Add NAV dimensions as your business changes (part 14 of 15)Posted: March 28, 2013 Filed under: Uncategorized | Tags: dimensions, financial reporting, financial statement, global, NAV, shortcut Leave a comment
Setting up dimensions should not be something we exclusively do when we implement NAV for the first time at our businesses. Change is the norm in business, and I would be genuinely surprised to hear from anyone at this point that their business has not changed significantly in the last five years. So for finance and IT professionals, what changes when the business changes? Reporting requirements!
For NAV, that means opportunity for using dimensions differently or to add new dimensions. Hopefully you are happy with your global dimensions, the two most important dimensions for your company, and you’re ready to add some shortcut dimensions so you can expand your reporting capabilities. There are four main things you should keep in mind when adding a shortcut dimension.
1) Keep in mind timing and financial cutoff. If you choose to start collecting data on a new dimension today and today falls in the middle of a fiscal period, you’re going to create a disconnect in your financial data where you have data with the new dimension value and data with the blank dimension value in the same period. Don’t do it. Find out when the end of the fiscal period is, and start gathering the new data starting with the start of the new fiscal period. This doesn’t have to be the year-end, it could be a month, or whatever period you have at your company, but do take the time to plan this out, your finance department will thank you later.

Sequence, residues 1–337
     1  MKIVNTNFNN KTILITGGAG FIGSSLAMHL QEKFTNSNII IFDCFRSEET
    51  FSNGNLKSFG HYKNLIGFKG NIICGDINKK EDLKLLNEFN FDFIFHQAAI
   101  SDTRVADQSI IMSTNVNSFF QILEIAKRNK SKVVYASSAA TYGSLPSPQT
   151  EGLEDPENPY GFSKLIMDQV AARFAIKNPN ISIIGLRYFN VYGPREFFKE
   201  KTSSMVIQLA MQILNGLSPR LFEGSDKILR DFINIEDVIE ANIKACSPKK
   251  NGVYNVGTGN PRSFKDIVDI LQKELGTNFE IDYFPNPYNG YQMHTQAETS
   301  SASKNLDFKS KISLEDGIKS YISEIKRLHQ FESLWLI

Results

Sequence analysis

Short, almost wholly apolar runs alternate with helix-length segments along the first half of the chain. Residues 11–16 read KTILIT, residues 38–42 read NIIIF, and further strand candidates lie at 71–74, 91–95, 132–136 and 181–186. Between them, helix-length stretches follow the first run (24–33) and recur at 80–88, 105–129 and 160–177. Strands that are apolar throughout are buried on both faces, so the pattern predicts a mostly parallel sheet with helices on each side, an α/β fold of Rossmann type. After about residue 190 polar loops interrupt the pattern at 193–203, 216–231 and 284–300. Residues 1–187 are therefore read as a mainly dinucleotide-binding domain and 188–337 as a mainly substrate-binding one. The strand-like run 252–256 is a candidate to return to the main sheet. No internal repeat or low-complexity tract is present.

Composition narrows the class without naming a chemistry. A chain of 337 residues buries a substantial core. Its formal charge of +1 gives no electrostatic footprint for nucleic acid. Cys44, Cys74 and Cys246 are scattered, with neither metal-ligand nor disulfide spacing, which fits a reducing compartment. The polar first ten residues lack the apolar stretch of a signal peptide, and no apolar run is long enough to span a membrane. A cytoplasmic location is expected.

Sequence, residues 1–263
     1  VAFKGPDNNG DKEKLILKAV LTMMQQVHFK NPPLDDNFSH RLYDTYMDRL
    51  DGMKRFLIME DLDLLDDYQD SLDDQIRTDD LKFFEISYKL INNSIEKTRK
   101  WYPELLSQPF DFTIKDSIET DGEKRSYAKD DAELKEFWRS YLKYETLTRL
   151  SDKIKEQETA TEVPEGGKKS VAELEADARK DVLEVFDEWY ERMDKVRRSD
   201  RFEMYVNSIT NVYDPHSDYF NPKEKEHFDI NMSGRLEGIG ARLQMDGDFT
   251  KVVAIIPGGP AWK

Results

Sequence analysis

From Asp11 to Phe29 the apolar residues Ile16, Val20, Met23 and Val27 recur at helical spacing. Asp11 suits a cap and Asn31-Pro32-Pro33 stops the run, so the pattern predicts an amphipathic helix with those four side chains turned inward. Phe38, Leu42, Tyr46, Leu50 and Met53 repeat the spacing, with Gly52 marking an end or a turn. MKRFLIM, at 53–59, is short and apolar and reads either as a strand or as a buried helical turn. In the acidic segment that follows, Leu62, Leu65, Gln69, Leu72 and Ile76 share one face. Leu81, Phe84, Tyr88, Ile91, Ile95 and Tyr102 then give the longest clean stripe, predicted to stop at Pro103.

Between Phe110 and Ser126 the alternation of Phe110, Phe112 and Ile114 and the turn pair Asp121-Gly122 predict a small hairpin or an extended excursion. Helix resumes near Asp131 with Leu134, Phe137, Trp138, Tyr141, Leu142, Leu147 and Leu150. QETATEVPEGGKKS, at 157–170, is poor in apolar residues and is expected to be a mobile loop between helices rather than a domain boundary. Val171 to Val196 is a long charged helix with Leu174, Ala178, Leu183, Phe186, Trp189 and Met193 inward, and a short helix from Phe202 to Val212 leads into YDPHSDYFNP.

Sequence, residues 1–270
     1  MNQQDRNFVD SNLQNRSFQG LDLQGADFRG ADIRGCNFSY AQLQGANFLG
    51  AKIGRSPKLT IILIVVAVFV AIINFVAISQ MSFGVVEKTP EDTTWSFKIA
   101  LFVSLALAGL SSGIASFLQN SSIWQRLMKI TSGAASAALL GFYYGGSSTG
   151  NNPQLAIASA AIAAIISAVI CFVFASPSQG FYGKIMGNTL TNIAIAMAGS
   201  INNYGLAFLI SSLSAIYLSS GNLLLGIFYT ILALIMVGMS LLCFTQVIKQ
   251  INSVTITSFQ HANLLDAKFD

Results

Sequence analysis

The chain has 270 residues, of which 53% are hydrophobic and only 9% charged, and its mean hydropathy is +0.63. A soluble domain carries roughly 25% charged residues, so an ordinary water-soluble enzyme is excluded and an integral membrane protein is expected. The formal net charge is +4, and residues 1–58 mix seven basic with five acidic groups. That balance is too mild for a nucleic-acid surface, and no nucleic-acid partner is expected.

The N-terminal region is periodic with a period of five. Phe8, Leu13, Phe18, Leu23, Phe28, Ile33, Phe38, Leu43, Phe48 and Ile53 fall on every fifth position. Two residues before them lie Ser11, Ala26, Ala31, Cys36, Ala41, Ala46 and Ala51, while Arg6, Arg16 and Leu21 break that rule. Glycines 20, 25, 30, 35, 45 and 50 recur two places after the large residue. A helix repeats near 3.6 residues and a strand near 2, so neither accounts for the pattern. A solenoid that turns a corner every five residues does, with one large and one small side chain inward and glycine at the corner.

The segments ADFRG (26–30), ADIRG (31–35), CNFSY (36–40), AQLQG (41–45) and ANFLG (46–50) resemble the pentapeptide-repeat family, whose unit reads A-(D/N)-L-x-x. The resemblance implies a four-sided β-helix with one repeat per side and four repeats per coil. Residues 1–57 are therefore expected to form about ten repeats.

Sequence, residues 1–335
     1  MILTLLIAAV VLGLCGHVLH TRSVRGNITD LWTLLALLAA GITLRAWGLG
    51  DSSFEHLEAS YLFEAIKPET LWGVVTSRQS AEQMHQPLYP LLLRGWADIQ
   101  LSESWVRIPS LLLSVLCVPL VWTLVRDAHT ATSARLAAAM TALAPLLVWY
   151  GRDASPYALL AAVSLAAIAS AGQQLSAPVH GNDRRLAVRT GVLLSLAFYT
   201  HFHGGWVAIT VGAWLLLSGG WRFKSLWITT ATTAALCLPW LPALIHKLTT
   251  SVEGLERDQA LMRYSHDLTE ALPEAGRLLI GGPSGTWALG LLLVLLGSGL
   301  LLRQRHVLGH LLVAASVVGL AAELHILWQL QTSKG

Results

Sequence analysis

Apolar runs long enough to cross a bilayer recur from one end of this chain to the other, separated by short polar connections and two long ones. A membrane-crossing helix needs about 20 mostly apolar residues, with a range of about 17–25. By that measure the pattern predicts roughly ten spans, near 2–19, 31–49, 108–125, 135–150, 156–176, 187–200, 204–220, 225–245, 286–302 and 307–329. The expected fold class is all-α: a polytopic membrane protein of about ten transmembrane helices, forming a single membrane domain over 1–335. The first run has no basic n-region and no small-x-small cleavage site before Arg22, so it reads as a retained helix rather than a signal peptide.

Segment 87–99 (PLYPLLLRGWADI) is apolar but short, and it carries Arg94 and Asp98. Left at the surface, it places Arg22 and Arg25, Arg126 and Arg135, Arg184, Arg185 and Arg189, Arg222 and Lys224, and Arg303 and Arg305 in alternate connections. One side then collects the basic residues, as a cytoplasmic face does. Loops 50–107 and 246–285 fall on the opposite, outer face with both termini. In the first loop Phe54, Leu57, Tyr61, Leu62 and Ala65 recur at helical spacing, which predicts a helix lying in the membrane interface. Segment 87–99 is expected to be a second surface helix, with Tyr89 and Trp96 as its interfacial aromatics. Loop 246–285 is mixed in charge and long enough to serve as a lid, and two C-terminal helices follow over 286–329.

2) Know that collecting a new dimension will not magically attach to your historic data. Assigning dimension data to your item or customer or vendor only begins the collection of that data on any new transactions generated since you assigned the dimension data. There is nothing out there that will magically attach this new requirement to old historic data. There are ways to go back and change the historic data, but this is generally beyond what you want to do manually. Involve someone experienced in SQL or call your partner for some help with this. And for goodness sakes, try this in a test system first. It’s always good to do a practice run on this kind of change, and should be mandatory if you’re planning to change a large amount of data. Remember that in many cases, it is perfectly ok to collect new data without catching up the history. Only you can decide what you need for your reporting.
3) Don’t abandon your pending data. Don’t forget there are things out there you created prior to assigning that new shortcut dimension. Sales orders, purchase orders, transfer orders and any other type of form that may be in process at the time you defined that new dimension will need to be caught up to the new requirements. If you forget this, NAV will remind you by throwing a dimension error when you, or your colleagues, try to post those documents to the system.
4) Consistency is the key. Make sure you set up this new dimension with the same level of consistency you’ve used with your other dimensions. Start with your master data, but follow through by adding the safety net of the chart of accounts, and remember to incorporate your choice of value postings.
Keep reading this month as we continue our series, 15 Days of NAV Dimensions.